By Sam Lumpkin

The US District Court for the Western District of North Carolina recently held that even text messages are subject to the duty to preserve electronically stored information (ESI). In Shaffer v. Gaither, the plaintiff asserted claims against her former boss – a US District Attorney – for constructive dismissal based on sexual harassment and creation of a hostile work environment. The plaintiff also added a claim of defamation, based on an allegation that the former boss had falsely spread rumors plaintiff was fired for having a sexual relationship with a married member of the defense bar. Although the plaintiff admitted that the relationship existed, the defamation claim was based on what plaintiff argued was a false reason for her termination.

The defendant contended that plaintiff had sent her paramour text messages about the termination in which she admitted that she was fired because of the relationship. However, the text messages were lost when plaintiff purportedly dropped her cell phone in a bathroom. The court therefore had to address whether, in light of the claims pending at the time the text messages were lost, the plaintiff had failed to preserve relevant ESI.

Under the recent amendments to Federal Rule of Civil Procedure 37(e), the duty to preserve ESI arises when litigation is “reasonably anticipated,” and the loss of ESI is sanctionable if reasonable steps to preserve the ESI are not taken and the information cannot be restored or replaced through additional discovery. Dismissal is not an automatic remedy for spoliation, and some remedies are only available when the spoliating party acted with intent to deprive the opposing party of evidence.

The court in Shaffer found that before the messages were destroyed, plaintiff had threatened litigation and her attorney had discussed the messages with the defendant’s attorney. The messages were therefore clearly relevant to the defamation claim, and both plaintiff and her attorney knew they had a duty to preserve the messages at least five months before the messages were destroyed. The court did not immediately find that the destruction of the plaintiff’s phone was intentional, and because similar evidence might be available through the testimony of various parties who had viewed the texts before they were destroyed, the court did not order dismissal of the defamation claim.

However, the court did provide guidance to potential litigants: “Once it is clear that a litigant has ESI that is relevant to reasonably anticipated litigation, steps should be taken to preserve that material, such as printing out the texts, making an electronic copy of such texts, cloning the phone, or even taking possession of the phone and instructing the client to simply get another one.” Although the plaintiff in Shaffer did not face dismissal due to the circumstances of the case, other litigants may not be so fortunate.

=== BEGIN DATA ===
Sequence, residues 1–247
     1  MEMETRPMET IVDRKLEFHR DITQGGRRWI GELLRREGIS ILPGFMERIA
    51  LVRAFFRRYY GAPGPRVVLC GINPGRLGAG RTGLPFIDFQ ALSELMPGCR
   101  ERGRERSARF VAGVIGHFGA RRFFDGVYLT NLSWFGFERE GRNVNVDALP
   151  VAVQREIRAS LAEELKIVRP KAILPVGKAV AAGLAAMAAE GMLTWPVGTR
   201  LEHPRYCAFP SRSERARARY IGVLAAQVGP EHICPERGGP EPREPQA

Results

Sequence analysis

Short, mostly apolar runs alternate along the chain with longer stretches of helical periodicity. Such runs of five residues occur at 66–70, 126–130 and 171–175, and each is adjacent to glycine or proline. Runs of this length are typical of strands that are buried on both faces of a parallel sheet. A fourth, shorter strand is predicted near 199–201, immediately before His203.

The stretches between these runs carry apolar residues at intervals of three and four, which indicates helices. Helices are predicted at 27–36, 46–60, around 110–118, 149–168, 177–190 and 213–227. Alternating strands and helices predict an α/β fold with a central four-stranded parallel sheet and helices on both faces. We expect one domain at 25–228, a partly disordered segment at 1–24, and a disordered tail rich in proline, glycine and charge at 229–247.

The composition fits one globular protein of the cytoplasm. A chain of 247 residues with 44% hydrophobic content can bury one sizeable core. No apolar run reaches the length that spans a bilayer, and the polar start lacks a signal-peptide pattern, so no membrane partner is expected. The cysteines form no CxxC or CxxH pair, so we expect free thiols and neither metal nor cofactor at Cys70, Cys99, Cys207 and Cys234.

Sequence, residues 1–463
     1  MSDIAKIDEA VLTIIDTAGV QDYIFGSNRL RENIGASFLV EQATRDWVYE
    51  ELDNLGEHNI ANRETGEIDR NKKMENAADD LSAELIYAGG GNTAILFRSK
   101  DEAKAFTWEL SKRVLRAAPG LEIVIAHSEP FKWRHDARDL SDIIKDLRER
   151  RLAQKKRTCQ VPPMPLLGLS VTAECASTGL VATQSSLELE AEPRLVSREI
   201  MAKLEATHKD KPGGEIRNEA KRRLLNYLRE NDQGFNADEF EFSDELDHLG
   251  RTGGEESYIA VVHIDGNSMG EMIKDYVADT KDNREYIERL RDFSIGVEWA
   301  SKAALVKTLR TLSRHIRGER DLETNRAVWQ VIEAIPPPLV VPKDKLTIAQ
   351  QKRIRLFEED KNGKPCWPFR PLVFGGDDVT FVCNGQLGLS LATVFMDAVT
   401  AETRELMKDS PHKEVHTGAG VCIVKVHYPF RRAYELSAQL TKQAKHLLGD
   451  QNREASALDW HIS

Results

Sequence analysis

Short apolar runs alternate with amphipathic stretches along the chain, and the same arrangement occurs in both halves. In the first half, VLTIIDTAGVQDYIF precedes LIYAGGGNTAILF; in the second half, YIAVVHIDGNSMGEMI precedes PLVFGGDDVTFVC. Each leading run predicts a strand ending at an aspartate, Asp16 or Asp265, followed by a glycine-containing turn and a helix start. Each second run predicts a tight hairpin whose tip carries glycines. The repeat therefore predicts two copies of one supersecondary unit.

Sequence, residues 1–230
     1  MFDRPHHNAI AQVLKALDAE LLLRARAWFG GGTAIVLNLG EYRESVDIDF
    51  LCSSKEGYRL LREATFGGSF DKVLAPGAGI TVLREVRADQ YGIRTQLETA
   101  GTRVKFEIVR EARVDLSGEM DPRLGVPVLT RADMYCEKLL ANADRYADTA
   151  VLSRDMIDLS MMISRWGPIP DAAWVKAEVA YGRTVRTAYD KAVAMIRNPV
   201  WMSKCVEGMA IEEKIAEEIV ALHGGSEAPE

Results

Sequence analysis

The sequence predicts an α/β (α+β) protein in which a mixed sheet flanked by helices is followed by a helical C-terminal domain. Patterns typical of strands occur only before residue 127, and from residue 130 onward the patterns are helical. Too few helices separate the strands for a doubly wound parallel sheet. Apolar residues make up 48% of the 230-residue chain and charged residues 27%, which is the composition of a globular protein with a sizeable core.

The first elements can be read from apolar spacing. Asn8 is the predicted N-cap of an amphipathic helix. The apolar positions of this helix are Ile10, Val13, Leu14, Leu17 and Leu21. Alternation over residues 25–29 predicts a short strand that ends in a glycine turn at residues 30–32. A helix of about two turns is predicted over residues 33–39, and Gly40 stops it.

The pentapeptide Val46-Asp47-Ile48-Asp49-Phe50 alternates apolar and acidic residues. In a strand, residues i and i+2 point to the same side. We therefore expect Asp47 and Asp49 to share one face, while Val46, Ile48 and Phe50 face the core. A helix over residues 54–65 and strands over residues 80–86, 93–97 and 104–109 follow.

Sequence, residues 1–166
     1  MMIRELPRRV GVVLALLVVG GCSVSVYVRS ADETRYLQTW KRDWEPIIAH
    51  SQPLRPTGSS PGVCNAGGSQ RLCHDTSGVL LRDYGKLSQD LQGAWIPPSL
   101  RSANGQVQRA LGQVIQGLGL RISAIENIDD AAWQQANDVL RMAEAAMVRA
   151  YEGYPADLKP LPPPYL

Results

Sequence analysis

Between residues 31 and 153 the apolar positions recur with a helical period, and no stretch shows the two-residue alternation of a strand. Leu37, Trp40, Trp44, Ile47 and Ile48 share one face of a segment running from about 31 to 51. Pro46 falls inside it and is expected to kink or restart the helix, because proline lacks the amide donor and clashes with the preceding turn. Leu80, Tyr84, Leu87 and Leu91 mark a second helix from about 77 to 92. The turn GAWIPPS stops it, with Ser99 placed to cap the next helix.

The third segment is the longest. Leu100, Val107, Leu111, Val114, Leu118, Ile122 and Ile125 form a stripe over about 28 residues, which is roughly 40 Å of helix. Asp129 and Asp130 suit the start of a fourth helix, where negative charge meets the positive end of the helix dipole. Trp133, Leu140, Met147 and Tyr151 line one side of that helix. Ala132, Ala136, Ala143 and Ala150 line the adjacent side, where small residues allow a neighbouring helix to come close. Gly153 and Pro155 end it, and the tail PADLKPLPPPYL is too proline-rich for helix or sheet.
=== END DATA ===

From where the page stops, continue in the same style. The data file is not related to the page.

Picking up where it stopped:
By Jason R. Cashio

Continuing a trend among other courts, a recent ruling from U.S.D.C., Middle District of Louisiana, recognized the discoverability of plaintiff’s social media postings.  Baxter v. Anderson, 2016 U.S. Dist. LEXIS 110687 (M.D. La. Aug. 18, 2016).  In Baxter, Magistrate Judge Bourgeois addressed the discoverability of social media in a recent discovery ruling on August 19, 2016.  The discovery requests calling for production of plaintiff’s social media information, as propounded, were overly broad.  However, the court was still willing to permit the discovery with some limitations. 

Magistrate Judge Bourgeois was not willing to permit unfettered access to a plaintiff’s social media account just because a personal injury lawsuit was filed, which placed plaintiff’s mental and physical conditions at issue.  However, the ruling permitted access to any postings that met one of the following criteria:

  1. Postings by the plaintiff that relate to the accident;
  2. Postings related to any emotional distress or treated received that relate to the accident;
  3. Postings or photographs that relate to alternative potential emotional stressors, or that are inconsistent with the alleged mental injuries;
  4. Postings that relate to physical injuries sustained as a result of the accident and any treatment therefor;
  5. Postings that relate to other, unrelated physical injuries; and,
  6. Postings or photographs that reflect physical capabilities that are inconsistent with the alleged injuries at issue.

Accordingly, the court acknowledged that social media posts/photographs are subject to discovery, which is consistent with numerous other rulings within Louisiana, as well as around the nation.  



By Sam Lumpkin

On December 1, 2015, amendments to the Federal Rules of Civil Procedure took effect in an effort to rein in the scope of federal discovery. Several changes were made to Federal Rule 26 with the goal of reducing the substantial expense and unfairness of overbroad discovery.

Former Rule 26(b)(1) provided that:

Parties may obtain discovery regarding any nonprivileged matter that is relevant to any party’s claim or defense— including the existence, description, nature, custody, condition, and location of any documents or other tangible things and the identity and location of persons who know of any discoverable matter. For good cause, the court may order discovery of any matter relevant to the subject matter involved in the action. Relevant information need not be admissible at the trial if the discovery appears reasonably calculated to lead to the discovery of admissible evidence. All discovery is subject to the limitations imposed by Rule 26(b)(2)(C).

 The new Rule 26(b)(1) provides as follows: